Supporters and opponents of the state's new gun restrictions rallied at the Capitol, with buses from New York City and Buffalo bringing their respective groups.
More than 2,000 people were on lawn in front of the Capitol to protest the NY SAFE Act. Others we inside the Capitol to show their support for the legislation.
The organization Turn Albany Upside Down says both the quick passage and some provisions in the NY SAFE Act are unlawful, calling the seven-bullet legal limit on magazines "arbitrary and capricious."
"This piece of legislation that was rammed down our throats had one goal. That man, Governor Cuomno is intent on being President of the United States," one speaker, State Senator Greg Ball told the crowd.
Organizer Stewart Rhodes led the crowd in a chant, "We will not comply."
Some lawmakers in Oswego County are calling for a repeal of the NY SAFE Act, and a resolution goes before the full Oswego County Legislature on Thursday. Oswego County is among a growing list of counties that have publicly denounced the gun control legislation. Similar resolutions are being considered in Ontario, Jefferson, and Ulster counties.
One speaker, David Guy who is running for Syracuse Common Council told CNY Central's Jim Kenyon, "In Oswego County they've outright rejected this in the County Legislature. So there are options on a local level to convince your Sheriff or County Legislature to say they won't enforce the law."
The New York State Sheriff??s Association came out with a four page position paper last month praising the legislation for several points, including better record keeping, more severe penalties for killing emergency first responders, and illegal weapons use. The state??s sheriffs are critical of other provisions including the definition of assault weapons and the enforceability of several points, including recertification of pistol permits and gun registration.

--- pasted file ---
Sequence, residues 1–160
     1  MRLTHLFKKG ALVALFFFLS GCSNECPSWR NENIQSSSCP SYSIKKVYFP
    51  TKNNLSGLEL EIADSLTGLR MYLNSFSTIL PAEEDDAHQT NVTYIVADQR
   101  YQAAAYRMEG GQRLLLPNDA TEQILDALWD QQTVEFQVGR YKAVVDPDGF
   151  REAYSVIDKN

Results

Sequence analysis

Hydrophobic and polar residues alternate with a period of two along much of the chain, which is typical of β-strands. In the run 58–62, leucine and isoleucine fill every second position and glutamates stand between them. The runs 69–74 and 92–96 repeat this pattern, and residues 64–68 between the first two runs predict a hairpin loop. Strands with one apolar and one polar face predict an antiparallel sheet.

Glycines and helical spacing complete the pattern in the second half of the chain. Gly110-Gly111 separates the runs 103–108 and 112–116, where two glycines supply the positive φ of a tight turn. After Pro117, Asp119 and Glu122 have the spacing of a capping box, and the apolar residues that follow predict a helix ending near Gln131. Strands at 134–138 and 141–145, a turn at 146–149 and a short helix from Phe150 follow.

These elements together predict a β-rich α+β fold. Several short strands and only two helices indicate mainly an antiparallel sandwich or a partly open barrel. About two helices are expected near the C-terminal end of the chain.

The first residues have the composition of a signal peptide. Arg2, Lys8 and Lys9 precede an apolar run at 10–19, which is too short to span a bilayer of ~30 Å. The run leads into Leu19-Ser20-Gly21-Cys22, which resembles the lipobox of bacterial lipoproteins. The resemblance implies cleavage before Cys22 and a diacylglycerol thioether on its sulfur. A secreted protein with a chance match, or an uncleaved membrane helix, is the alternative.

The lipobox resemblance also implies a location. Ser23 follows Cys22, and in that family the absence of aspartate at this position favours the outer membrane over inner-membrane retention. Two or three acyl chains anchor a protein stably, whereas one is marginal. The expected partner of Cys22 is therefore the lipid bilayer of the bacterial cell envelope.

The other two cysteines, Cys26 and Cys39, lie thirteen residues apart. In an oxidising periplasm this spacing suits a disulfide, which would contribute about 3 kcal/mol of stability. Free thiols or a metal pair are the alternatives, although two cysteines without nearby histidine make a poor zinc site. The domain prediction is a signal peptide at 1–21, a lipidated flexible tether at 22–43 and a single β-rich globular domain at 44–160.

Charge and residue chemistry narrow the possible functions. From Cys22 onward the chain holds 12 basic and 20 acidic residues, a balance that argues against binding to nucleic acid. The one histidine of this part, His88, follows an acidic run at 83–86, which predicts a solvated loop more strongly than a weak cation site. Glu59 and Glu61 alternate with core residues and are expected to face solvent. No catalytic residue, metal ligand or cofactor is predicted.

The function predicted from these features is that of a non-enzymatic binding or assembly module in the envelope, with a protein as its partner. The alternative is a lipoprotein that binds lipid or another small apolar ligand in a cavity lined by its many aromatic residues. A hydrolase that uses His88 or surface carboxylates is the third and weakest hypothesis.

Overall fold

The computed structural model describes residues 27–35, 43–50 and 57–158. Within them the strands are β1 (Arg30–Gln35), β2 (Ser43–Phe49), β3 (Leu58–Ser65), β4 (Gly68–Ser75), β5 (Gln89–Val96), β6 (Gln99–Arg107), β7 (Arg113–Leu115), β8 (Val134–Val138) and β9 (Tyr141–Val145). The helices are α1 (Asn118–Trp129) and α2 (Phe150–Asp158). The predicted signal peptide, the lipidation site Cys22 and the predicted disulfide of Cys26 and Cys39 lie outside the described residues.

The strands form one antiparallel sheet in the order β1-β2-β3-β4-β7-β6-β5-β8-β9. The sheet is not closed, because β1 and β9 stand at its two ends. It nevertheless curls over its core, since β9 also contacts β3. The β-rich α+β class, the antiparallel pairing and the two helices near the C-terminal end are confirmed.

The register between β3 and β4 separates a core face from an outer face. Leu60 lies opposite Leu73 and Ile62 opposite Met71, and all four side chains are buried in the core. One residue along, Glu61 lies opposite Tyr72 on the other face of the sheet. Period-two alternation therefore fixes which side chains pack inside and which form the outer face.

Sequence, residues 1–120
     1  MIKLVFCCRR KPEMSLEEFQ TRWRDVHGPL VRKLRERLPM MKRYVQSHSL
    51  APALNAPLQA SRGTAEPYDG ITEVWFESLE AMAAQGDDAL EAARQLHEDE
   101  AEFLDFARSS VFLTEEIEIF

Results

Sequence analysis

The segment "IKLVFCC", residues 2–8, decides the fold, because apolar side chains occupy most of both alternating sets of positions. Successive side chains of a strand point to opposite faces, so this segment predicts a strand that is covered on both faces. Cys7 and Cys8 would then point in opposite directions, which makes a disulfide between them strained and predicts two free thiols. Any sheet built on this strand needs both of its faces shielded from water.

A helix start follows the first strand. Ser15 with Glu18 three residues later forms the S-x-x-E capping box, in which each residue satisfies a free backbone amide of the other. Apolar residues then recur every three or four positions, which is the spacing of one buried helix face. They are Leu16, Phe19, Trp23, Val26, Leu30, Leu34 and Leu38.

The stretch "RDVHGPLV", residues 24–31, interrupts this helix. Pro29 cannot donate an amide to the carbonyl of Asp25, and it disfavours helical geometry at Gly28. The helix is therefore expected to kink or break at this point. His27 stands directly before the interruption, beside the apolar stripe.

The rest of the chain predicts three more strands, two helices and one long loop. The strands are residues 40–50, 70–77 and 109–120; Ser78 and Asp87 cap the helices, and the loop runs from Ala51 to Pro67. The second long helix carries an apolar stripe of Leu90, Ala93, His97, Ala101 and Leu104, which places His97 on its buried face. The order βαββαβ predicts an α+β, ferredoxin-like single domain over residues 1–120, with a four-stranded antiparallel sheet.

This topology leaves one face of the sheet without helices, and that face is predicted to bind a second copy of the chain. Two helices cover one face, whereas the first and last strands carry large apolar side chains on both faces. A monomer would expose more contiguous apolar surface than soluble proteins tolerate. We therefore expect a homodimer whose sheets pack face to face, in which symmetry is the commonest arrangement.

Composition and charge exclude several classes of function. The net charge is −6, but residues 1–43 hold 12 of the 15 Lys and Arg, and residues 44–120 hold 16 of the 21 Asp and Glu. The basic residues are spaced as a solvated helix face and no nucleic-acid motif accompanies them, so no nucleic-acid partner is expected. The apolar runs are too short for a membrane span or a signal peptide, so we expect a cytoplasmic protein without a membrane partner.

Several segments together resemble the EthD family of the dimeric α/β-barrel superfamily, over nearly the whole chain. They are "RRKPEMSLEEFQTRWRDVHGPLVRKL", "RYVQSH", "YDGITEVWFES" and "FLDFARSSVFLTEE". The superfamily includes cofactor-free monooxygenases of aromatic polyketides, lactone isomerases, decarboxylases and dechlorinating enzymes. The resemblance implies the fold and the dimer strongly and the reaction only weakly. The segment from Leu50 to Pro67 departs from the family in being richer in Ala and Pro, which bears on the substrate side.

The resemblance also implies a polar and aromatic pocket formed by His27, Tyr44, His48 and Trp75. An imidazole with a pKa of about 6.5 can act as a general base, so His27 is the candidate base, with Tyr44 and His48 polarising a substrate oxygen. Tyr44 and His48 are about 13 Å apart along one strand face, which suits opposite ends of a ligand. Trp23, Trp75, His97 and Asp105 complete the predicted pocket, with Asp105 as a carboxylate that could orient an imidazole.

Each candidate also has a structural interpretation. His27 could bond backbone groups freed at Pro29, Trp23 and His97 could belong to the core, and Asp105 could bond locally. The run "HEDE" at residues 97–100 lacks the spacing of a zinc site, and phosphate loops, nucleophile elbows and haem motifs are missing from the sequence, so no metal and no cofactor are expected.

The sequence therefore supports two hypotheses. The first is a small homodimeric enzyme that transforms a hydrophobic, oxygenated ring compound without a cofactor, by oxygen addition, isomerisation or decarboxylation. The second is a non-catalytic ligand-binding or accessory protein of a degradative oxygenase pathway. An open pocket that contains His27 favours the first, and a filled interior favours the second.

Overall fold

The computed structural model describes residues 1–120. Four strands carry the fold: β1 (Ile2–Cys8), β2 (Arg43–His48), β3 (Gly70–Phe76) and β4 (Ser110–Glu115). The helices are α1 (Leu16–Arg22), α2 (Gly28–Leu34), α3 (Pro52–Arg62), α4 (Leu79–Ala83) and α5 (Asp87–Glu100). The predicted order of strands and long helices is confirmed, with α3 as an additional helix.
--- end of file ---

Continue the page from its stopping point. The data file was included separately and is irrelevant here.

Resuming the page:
The last Republican candidate for New York governor, Carl Paladino, says the state's new gun law shows Gov. Andrew Cuomo's clear liberal bent and the failure by state Senate Republicans to stand for conservative values. The new law was pushed by Democratic Gov. Andrew Cuomo, who defeated Paladino.
Paladino, a Buffalo developer who lost to Cuomo in 2010, says crime comes from dropouts on the street, a criticism of what he calls the unaddressed failure of city schools. Paladino is at the state Capitol Tuesday to address the organization Turn Albany Upside Down, which says provisions in the new gun measure are unlawful.
Cuomo says new limits on magazine size and banning military-style semiautomatic weapons are common sense measures to reduce gun violence.
A group called One Million Moms for Gun Control says its New York chapters rallied inside the Capitol and visited lawmakers to show support for the state's "leadership on common-sense gun regulation."
Kim Russell told Kenyon, "I'm hoping what New York has done serves as a model for the rest of the country. I think it's fantastic and courageous that Cuomo acted so quickly to get this passed."
(Information from the Associated Press was used in this report.)